A Pre Accelerator in my opinion draws on three areas to improve its cohort of startups over a short term 6 week intense program. Teams that just missed an accelerator’s latest cohort, teams that are working towards being angel investment ready or most importantly of all, teams that are getting revenue ready by trialing and improving their business model.
2 The Pipeline for Entrepreneurs has Changed
Multinationals, corporates, universities and thankfully the unknown seem to be distinct areas contributing to the current pipeline of entrepreneurs.
Multinationals: Living in Dublin, home to the EMEA HQ’s of nine of the world’s top ten tech companies, I am starting to see employees spin up their own companies. The reasons can be that they’ve spotted opportunities in their own area of expertise, have vested in their stock options and have their own seed capital to invest in their ventures and ultimately have the skill set and connections to bring to bear to use in building their own companies.
Corporates: People from corporates who have spent their lives working within a well resourced large organization can find the transition to being the master of all roles in an early stage company quite challenging. A recent participant made me realize this point as they had previously been an MD of a successful company and had mentioned at the end of the program that they had shortened their window of learning from ‘six months to six weeks,’ in respect of upgrading their skills, connections and ways of thinking to the pace of working in a tech startup.
Universities / Colleges: Improvements in programs from universities and colleges to double down on the raft of highly skilled graduates to setup their own companies is now a great pipeline. For example I see students attending more and more Startup Weekend’s to gain experience and learn new skills as they are hungry to gain this experience early in their lives. These factors and more make me think they are a great fit for pre accelerator programs.
The Unknown: As is always the case I continuously meet rounds of founders that I don’t see at talks, meetups or in my day to day work in the tech startup community but nonetheless are ready to roll out and roll up some really exciting startups.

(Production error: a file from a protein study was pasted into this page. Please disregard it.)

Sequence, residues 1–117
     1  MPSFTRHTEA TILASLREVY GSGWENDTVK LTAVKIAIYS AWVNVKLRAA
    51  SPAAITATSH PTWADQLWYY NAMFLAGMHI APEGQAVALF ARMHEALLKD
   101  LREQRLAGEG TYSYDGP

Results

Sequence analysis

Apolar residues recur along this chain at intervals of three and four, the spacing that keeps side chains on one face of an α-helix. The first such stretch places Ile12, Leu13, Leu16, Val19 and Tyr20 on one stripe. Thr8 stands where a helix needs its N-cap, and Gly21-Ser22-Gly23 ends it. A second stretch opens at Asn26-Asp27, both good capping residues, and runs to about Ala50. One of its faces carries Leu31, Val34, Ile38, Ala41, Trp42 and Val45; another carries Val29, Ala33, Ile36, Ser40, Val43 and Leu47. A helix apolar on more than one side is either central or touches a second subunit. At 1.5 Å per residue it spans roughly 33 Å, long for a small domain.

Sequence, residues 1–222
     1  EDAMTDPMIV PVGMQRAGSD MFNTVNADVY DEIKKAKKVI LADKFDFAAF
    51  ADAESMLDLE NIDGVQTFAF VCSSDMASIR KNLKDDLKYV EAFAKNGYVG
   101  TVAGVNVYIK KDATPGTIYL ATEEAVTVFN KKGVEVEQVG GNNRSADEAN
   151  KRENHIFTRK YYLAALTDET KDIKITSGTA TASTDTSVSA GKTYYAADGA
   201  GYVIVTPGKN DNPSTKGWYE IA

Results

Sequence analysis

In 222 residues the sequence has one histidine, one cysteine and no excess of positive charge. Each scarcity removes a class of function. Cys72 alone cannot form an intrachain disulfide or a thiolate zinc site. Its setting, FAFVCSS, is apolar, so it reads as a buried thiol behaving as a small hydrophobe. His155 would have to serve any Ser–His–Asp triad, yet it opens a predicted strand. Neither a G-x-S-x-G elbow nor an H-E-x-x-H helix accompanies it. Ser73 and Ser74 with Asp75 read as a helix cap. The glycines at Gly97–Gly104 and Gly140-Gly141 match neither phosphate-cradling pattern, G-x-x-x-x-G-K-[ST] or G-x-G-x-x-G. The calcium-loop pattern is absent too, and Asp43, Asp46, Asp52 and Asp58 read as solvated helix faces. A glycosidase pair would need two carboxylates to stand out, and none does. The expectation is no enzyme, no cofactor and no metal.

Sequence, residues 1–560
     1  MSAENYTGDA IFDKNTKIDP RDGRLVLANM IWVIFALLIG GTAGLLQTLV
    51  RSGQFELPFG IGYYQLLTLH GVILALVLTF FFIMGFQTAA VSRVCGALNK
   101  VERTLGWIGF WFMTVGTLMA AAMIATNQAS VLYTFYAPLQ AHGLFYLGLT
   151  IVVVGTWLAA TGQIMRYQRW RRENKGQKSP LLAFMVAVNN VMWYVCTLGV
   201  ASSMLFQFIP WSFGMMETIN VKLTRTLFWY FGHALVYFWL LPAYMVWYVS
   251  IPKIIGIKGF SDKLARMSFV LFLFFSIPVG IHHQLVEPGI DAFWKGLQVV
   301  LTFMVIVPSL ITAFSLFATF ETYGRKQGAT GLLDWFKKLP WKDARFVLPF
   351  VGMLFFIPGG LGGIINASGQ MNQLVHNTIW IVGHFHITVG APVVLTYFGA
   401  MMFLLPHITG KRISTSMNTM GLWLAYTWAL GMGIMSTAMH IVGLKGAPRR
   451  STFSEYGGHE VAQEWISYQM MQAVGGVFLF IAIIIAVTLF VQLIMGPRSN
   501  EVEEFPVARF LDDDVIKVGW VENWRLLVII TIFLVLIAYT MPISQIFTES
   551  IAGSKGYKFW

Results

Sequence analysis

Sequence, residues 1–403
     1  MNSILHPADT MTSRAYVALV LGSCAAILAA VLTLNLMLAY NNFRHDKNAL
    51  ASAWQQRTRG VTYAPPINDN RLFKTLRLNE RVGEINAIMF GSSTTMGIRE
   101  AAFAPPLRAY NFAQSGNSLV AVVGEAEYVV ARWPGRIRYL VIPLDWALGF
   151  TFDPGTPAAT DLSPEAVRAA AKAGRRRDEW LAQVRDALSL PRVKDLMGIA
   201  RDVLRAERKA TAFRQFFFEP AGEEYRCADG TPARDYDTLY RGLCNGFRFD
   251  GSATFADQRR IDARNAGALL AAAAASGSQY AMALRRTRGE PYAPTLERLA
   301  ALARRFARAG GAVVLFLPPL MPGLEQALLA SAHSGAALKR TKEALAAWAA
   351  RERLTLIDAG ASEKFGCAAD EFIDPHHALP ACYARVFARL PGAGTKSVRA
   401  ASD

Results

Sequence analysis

By no means are these above four areas exhaustive but simply my own anecdotal findings. I feel they all have the same thing in common whereby they need a frame work and structure that can fit in to their routine which a pre accelerator can provide.
3 Fast and Flexible Framework
Sometimes early stage founders feel they are laying the train track just as they need to roll across it so to speak for their companies. With so much happening in those early weeks a pre accelerator has the opportunity to bring focus to early stage founders and leverage the experiences of mentors on program to help better guide their startup locomotive. With a short intense program over a 6 week period, it can be the right amount of time to trial and fix flaws in business models.
Pre accelerators can take many forms but successful programs with participants going on to join accelerators, raise seed funding and most importantly generate revenue, in my opinion is caused by a short and intense program with great talks, mentorship and presentation skill workshops. These factors all add up to what helps shape the participants focus on the core business objectives and helps lead them to success.
If you want to know more about Startup Boost (which I highly recommend you do!) just head on over to our splash page here startupboost.org and pop in your details or get in touch with me directly here to see how I can help answer your questions.
Alternatively if you are based in Dublin then why not come along to our information evening on the 20th of July. You can reserve your ticket by clicking right here!